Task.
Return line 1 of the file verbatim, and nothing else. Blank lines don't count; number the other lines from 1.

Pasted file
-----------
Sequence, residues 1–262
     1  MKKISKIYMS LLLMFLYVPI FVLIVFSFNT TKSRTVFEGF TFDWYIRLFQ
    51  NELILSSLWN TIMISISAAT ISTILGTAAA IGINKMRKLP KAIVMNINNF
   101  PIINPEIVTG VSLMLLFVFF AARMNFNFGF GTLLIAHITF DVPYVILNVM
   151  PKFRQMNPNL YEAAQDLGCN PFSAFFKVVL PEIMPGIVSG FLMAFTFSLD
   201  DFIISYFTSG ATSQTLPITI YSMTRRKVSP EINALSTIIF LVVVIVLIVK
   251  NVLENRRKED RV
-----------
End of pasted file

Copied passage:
Sequence, residues 1–262